BBC NEWS Americas Africa Europe Middle East South Asia Asia Pacific
BBCi NEWS   SPORT   WEATHER   WORLD SERVICE   A-Z INDEX     

BBC News World Edition
 You are in: In Depth: Newslog  
News Front Page
Africa
Americas
Asia-Pacific
Europe
Middle East
South Asia
UK
Business
Entertainment
Science/Nature
Technology
Health
-------------
Talking Point
-------------
Country Profiles
In Depth
-------------
Programmes
-------------
BBC Sport
BBC Weather
SERVICES
-------------
EDITIONS
Wednesday, 29 May, 2002, 08:49 GMT 09:49 UK
Newslog
In Newslog, Nick Robinson keeps a unique diary from the heart of the news. Add your comment too.

Wednesday 29 May


In and out of Downing St
posted by Nick | 0932 BST | Add comment
It looks as though we have Britain's first ever black cabinet minister. A grinning Paul Boateng has just emerged from Number 10.

Strange to recall that when was first elected to Parliament as MP for Brent, he declared (somewhat hysterically) that after Brent, Soweto was next.

To be fair to him, had he said that the cabinet would be next, it would have been as implausible and almost as significant.


------------------

Reshuffle day
posted by Nick | 0925 BST | Add comment
It's that day again. Ranks of snappers screaming "THIS WAY" to hopeful ministers... endless speculation (from me included) as to who will get what job.

Remember when you hear those predictions that no-one really knows. I recall watching Jack Straw stroll up Downing Street armed with briefing papers on the day of the last reshuffle straight after the last general election.

So convinced was he that he, not Stephen Byers, would be the next transport secretary that he started to read himself in. If someone that close to Tony Blair didn't know what was happening, how on earth do you expect some of those expressing an opinion to know?

-------------------------------

Tuesday 28 May


Response to user comment
posted by Nick | 1838 BST | Add comment
THAT'S THE QUESTION WE ALL WANT TO KNOW THE ANSWER TO! It does all seem a little convenient that he resigned at the best possible moment for the government (eve of World Cup, the Golden Jubileee and with MPs on holiday). Another pointer is the statement of praise from the prime minister backed up by cabinet ministers and the fact he was given Downing Street to announce his resignation. Was that perhaps the sugar on the pill the prime minister handed him to swallow?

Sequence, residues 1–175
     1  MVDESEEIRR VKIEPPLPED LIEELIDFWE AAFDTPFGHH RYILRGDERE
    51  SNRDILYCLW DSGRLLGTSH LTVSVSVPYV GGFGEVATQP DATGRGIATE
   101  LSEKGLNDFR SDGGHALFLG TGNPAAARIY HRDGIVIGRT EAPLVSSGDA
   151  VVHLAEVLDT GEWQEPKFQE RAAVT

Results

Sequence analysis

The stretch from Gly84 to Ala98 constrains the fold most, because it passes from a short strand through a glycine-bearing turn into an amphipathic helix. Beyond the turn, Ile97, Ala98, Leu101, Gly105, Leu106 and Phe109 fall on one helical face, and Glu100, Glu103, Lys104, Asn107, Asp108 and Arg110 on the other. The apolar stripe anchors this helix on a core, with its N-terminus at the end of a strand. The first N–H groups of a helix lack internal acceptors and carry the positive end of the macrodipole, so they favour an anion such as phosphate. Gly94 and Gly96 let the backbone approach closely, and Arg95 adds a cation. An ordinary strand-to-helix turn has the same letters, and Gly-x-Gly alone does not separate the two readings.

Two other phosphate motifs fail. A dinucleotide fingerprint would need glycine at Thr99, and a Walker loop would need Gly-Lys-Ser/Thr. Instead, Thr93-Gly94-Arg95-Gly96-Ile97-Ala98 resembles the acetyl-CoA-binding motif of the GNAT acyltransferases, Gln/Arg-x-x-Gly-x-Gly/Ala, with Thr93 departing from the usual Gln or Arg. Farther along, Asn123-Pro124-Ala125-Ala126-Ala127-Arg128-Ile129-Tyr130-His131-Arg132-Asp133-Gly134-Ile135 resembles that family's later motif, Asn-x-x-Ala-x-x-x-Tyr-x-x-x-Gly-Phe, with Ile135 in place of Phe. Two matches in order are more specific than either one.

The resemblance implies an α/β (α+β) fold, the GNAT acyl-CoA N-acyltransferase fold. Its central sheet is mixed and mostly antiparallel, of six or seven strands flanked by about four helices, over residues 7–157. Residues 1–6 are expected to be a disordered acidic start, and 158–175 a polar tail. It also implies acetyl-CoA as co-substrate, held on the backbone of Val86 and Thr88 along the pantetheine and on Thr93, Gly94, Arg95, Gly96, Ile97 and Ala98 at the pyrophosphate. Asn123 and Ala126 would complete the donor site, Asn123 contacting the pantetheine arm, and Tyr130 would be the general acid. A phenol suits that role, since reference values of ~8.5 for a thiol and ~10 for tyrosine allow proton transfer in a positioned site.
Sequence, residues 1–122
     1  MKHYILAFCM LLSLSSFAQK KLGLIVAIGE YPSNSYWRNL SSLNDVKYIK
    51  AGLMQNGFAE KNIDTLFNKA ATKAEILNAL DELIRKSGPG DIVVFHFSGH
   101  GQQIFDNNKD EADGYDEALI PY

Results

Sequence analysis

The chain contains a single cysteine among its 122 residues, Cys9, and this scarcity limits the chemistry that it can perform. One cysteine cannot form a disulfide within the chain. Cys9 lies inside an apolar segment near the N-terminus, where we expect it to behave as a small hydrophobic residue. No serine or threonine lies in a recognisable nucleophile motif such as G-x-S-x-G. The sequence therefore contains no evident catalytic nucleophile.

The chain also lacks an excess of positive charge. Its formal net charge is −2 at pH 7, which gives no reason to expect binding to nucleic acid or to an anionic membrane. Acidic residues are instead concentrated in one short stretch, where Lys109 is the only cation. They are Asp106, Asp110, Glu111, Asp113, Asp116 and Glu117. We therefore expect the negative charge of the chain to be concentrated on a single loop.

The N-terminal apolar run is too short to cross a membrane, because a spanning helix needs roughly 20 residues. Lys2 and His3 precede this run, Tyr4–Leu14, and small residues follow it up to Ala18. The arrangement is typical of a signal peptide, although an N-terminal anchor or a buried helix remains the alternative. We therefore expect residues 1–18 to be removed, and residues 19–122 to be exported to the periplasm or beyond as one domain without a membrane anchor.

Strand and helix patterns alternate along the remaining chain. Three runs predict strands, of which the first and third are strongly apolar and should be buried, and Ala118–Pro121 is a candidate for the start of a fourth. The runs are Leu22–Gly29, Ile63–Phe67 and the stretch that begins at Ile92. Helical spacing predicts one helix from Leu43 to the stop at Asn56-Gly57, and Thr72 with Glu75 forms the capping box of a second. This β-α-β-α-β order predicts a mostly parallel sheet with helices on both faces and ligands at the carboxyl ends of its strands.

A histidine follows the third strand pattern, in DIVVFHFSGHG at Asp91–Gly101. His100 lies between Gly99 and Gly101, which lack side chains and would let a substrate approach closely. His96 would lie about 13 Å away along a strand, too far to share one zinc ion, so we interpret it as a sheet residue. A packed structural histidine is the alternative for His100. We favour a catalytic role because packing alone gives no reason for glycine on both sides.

-------------------------

User comment:


Nick, do you really think Byers resigned? Charlie Whelan seems to think he was pushed - and suggests that anyone going along with Byers' line is a fool..?
Pat Wallace, England

---------------------------

Bye bye Byers
posted by Nick | 1658 BST | Add comment
Well well. I must learn to choose my words more carefully.

When told at three o'clock that there was a mysterious announcement to made at Downing Street an hour later, I instantly reached for the phone and asked a government source: "Is Stephen Byers still transport secretary?"

At first I got an evasive answer. I asked again, and I was assured yes, he was still transport secretary.

As I walked through the doors of Number 10, my source said: "You did say 'still', didn't you?"

The signs were pretty obvious in that hour. All Mr Byers' friends and colleagues were either unavailable or slammed the phone down.

However, government always has the capacity to surprise, and speculation about what the announcement was concerning ranged from John Prescott retiring (he recently announced he has diabetes and has just turned 64) to "We're joining the euro" to Osama Bin Laden being appointed as the new ambassador to...

Things get frantic at moments such as these.

I'm told that Mr Byers first thought seriously of going late last week, that he then thought about it over the weekend, before telling the prime minister at a meeting yesterday afternoon.

Insiders put his decision down to "wear and tear", and they point particularly to the fact that even after the death of people in the Potter's Bar rail crash, the issue of whether Byers could be trusted to tell the truth was the story.

If you ask me, the problem that Steve Byers was very slow to recognise was the he had become the symbol (not always fairly) of the thing that many people hate most about this government - namely spin.


-------------------------------------

You can add your comment or question by using the form below.

Send us your comments:
Name:

Your E-mail Address:


Country:

Comments:

Disclaimer: The BBC will put up as many of your comments as possible but we cannot guarantee that all e-mails will be published. The BBC reserves the right to edit comments that are published.

Archive

What is

About

Add
Top Newslog stories now:

Links to more Newslog stories are at the foot of the page.


E-mail this story to a friend

Links to more Newslog stories

© BBC ^^ Back to top

News Front Page | Africa | Americas | Asia-Pacific | Europe | Middle East |
South Asia | UK | Business | Entertainment | Science/Nature |
Technology | Health | Talking Point | Country Profiles | In Depth |
Programmes